On July 2014, Trent announced they will open a Masters in Educational Studies program that will begin in July 2015.
For more than 50 years, Trent has incorporated traditional teachings and perspectives into its programming. It was the first university in Canada, and only the second in North America, to establish an academic department dedicated to the study of Indigenous peoples and Indigenous knowledge. Trent's Chanie Wenjack School for Indigenous Studies offers undergraduate, masters and PhD programs in Indigenous Studies. Trent University offers a program in Indigenous Environmental Studies in addition to a specialized Diploma in Foundations of Indigenous Learning that provides access for people of Indigenous heritage. The First Peoples House of Learning houses Nozhem, a First Peoples performance space.
- Leslie Frost (1967–1973)
- Eugene Forsey (1973–1977)
- William Morton (1977–1980)
- Margaret Laurence (1981–1983)
- John J. Robinette (1984–1987)
- Kenneth Hare (1988–1995)
- Mary Simon (1995–1999)
- Peter Gzowski (1999–2002)
- Roberta Bondar (2003–2009)
- Tom Jackson (2009–2013)
- Don Tapscott (2013–2019)
- Stephen Stohn (June 2019 - )
- Thomas H. B. Symons (1963 - 1972)
- Thomas E. W. Nind (1972 - 1979)
- Donald F. Theall (1980 - 1987)
- John O. Stubbs (1987 - 1993)
- Leonard W. Conolly (1994 - 1997)
- David C. Smith - Interim President (1997 - 1998)
- Bonnie M. Patterson (1998 - 2009)
- Steven E. Franklin (2009-2014)
- Leo Groarke (2014–present)
Labour unions and associationsEdit
Part-time contract faculty (Course Instructors, Clinical Instructors, Tutorial Leaders, etc.) and Student Academic Workers (Graduate Teaching Assistants, Markers) are represented by the Canadian Union of Public Employees (CUPE) Local 3908.
Support Staff (secretaries, maintenance staff, caretakers, groundskeepers, assistants, etc.) are part of the Ontario Public Service Employees Union (OPSEU) Local 365.
Professors (Full, Associate, and Assistant) both full-time tenured and part-time are represented by the Trent University Faculty Association (TUFA).
All full-time undergraduate and consecutive education students are represented through channels of the University by the Trent Central Student Association (TCSA), a nonpartisan association representing the best interest of all students.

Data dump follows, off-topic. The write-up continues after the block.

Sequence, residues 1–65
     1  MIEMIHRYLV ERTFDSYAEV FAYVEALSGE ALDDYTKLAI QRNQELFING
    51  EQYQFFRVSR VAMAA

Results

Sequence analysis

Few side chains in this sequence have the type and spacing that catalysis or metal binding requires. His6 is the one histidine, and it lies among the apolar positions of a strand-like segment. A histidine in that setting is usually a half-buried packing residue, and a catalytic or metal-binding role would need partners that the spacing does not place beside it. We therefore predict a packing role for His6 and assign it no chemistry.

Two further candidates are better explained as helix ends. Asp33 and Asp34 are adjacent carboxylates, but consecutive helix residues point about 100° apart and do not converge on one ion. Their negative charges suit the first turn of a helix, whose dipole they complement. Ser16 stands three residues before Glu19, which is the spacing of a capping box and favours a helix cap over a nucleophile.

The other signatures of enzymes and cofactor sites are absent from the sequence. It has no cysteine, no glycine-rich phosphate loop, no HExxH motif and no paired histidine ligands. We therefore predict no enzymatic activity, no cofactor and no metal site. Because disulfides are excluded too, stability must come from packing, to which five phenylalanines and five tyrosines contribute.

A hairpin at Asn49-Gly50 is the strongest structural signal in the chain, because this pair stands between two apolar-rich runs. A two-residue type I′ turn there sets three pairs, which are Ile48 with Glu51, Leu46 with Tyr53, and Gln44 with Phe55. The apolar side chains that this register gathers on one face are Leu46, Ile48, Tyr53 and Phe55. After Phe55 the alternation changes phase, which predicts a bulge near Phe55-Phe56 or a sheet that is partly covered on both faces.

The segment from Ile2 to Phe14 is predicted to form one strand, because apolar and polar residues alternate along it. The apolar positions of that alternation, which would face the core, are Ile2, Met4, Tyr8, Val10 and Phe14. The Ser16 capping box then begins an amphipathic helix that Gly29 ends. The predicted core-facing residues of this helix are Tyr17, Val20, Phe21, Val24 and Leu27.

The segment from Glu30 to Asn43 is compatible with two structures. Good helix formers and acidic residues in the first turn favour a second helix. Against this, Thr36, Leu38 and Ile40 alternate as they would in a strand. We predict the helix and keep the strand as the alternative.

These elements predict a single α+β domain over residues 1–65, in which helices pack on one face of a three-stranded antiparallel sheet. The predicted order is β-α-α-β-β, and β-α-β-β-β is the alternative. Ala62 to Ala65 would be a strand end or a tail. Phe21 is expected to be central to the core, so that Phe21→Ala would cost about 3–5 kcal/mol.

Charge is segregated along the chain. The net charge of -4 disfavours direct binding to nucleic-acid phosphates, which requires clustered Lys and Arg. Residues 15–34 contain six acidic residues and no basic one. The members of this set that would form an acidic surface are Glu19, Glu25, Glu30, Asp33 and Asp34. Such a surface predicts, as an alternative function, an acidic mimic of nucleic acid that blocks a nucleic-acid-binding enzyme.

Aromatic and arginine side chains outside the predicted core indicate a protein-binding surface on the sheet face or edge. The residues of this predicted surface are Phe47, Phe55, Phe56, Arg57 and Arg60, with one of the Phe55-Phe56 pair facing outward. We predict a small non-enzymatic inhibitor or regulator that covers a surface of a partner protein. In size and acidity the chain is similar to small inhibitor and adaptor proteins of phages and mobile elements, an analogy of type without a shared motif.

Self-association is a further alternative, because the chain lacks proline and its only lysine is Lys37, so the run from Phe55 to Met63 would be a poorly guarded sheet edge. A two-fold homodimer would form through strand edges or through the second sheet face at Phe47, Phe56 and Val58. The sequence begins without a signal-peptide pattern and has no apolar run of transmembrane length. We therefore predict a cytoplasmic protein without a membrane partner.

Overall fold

Trent University offers a number of Internet-based courses to their students, and approximately 70 per cent of all Trent courses use some form of web-based component. Trent's primary LMS is Blackboard. Many course lectures are also webcast for students.
Arthur is a student-published newspaper at Trent. The paper is distributed on the Trent campus and around the Peterborough community free of charge; All students pay a non-refundable levy in their student fees to the Arthur. Absynthe Magazine is another student paper at Trent. Founded in 1999, it is a submissions-based publication, reliant on members of the Trent community to provide content. Like Arthur, it is distributed free of charge. Absynthe receives a refundable levy from each full-time student of Trent University.
Trent Radio operates the community's student sponsored community radio (formerly classified as student radio) broadcast facility - CFFF 92.7fm. Full-time students pay a membership fee as part of their student fees to support Trent Radio activities. TrentBook is a website designed by students for students. This website has articles and discussions on an array of topics that concern Trent students. Students can also post and ask questions that they might want to have answered or discussed about.
The final scenes of Urban Legends: Final Cut (2000) were filmed at Trent University.
Clubs and GroupsEdit
Trent has a variety of clubs and groups, including a number of theatre groups, social interest groups, newspapers, religious groups, political chapters and academic societies and Greeks. These groups include The Trent Business Students' Association, the Trent History Undergraduate Society (THUGS), the Peterborough chapter of the Ontario Public Interest Research Group, Anne Shirley Theatre Company, Trent Outdoors, Sustainable Trent, the Centre for Gender and Social Justice (previously known as Trent Women's Centre), The Trent University Lions Club, Rotaract Peterborough and Canadian Union of Public Employees Local 3908. These groups are showcased during Orientation Week (Oweek) for the benefit of new students. The university is also served by the Trent University Emergency First Response Team (TUEFRT), a student run organization whose members provide emergency first aid to all students, visitors and staff on campus.